Why cybercrime is booming in post-pandemic ecosystems

A report by Aon and Crawford & Company reveals pandemic has created ecosystems that are causing cybercrime to thrive, and hitting insurers where it hurts

A new report by Aon and Crawford & Company has revealed that the pandemic has created ecosystems that are helping cybercrime to thrive as hackers target strategic ecosystem painpoints.

The risk of cybercrime events and the number of breaches has risen in correlation with the technological solutions developed to help companies reach digital transformation in the pandemic. 

The news suggests difficult times are ahead for insurance companies globally, as the cost of claims in cyberinsurance skyrockets. 

The digital ecosystem, which has also boosted rapid scaling along all value chains, the report says, has inadvertently created an environment of eco interdependencies that enables cybercrime to thrive. 

The report points to escalated risks of “aggregation and accumulation” of ransomware exposure, with multiple sites reliant on the same technology or impacted by the same event. It also points out that cybercriminals have widened their target fields that, up until now, have generally sought out “rich seams” of Personal Identifiable Information (PII) to use as ransomware leverage or be sold.

However, “The model of stealing and selling PII in its own right has declined because it is getting harder to monetise. These records have little value on the dark web,” the guide says.

New targets for cybercriminals

Manufacturing, construction, and food have become the targets of cybercrime. This is because hackers have enhanced the technology utilised to perform a ransomware attack. This makes it more challenging for companies to recover damaged systems from their back-ups.

“They understand the economic pain points for different types of organisation and are learning how to leverage those to maximise their own financial gain,” the report states.

Greater disruption from cyber attacks 

The new focus of threat actors is to target entities that, if disrupted, will impact other businesses that are not able to delay their operations until the attached company’s system is restored. 

Therefore, they are targeting strategic partners to claim ransom from a connected business. These incidents are increasingly being seen in key supply chains - in oil or fuel, for example, that impact on a number of key operatives at the same time. 

The result is that multiple companies across the globe can be brought to a standstill by sophisticated ransomware that targets ‘maximum impact’ organisations, as the report says, “Threat actors are looking for efficient ways to leverage or magnify their efforts by targeting the software/data supply chain.”

Maximum impact ransomware

The result is that insurers, as well as being targeted by hackers themselves, find themselves in the unenviable position of being responsible for increased payouts for ransomware attacks across ecosystems. 

According to the Harvard Business Review, in 2020, the global insurance community saw the first cyber insurance program to exceed $1bn in payouts. 

Part of the problem is that cyberinsurance is still in its infancy, yet it is required to fight a growing monster. And although many companies either don't have cyber insurance - or, they have inadequate cover, others have bought into protection that provides them with $200mn in cover. However, because of the vast costs of ransomware, and its increasing prevalence, HBR author Tom Johansmeyer writes, "it would only take five insured losses of a bit more than that amount to wipe out an entire year’s premium. That’s only 2% of the companies in the market buying that much coverage. That kind of loss would likely take decades for insurers to earn back such losses."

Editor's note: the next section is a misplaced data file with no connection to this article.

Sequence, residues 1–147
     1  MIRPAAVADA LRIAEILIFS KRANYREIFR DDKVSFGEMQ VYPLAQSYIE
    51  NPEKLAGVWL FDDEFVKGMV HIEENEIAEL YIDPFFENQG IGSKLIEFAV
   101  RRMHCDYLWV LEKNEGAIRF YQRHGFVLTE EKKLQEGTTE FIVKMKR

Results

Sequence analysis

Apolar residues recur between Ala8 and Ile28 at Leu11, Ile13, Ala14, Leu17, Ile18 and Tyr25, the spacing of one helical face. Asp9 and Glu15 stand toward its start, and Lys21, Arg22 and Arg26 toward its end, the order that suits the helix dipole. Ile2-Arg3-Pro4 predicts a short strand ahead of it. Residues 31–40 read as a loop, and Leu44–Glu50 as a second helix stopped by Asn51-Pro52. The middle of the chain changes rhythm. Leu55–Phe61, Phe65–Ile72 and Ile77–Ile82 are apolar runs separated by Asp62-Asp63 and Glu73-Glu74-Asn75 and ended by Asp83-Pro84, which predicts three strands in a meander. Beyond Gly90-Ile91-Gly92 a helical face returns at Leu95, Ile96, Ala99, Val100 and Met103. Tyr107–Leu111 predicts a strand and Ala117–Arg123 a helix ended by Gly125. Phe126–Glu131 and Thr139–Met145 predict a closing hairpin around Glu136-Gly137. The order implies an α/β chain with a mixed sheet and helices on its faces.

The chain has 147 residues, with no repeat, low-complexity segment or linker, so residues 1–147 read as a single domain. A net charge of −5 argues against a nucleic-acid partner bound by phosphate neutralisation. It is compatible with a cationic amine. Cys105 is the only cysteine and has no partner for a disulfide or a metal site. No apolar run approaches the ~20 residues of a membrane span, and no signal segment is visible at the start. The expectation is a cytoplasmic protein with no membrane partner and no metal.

Jonathan Knudsen, senior security strategist at the Synopsys Software Integrity Group, explains, “Cyberspace is already a battlefield in the 21st century. Software is critical infrastructure for individuals, businesses, and governments. The past two decades show nation-states using software vulnerabilities to further geopolitical agendas: SolarWinds, NotPetya, and Stuxnet are just a few high-profile examples. Doubtless, there are many more incidents that have not come to light. 

 He continues, “Cyberspace offers attackers an asymmetric advantage. The relatively anonymous nature of the Internet, coupled with frequently porous defences, means that compromising systems, stealing information, and other types of skullduggery can be accomplished with low probabilities of detection or prosecution.”

Solutions against increased ransomware attacks

There is no doubt that businesses are playing a cat and mouse game in terms of cybercrime technologies. Some experts believe that Zero Trust networks and an expansion of SOAR (Security Orchestration Automation and Response) will help stem the onslaught of hacking and ransomware attacks. 

Alexandra Willsher, a senior sales engineer for Forcepoint, explains, The data requirements to successfully implement a Zero Trust posture will drive advances in machine learning and feed into an expansion of SOAR (Security Orchestration, Automation and Response) platform capability.”

She continues. “The ability to automate responses and enhance risk adaptive decisions using the data flow that comes as part of normal business operation can give a huge boost to security capability without the need to make use of additional resources.  Almost every company has a repository of data stored in its native, raw format, but very few are equipped to trawl and analyse it effectively.”

Willsher adds that being able to make use of the information a business already has stored, and is generating every day, makes adoption of things like zero trust much more suitable for the cost-conscious.


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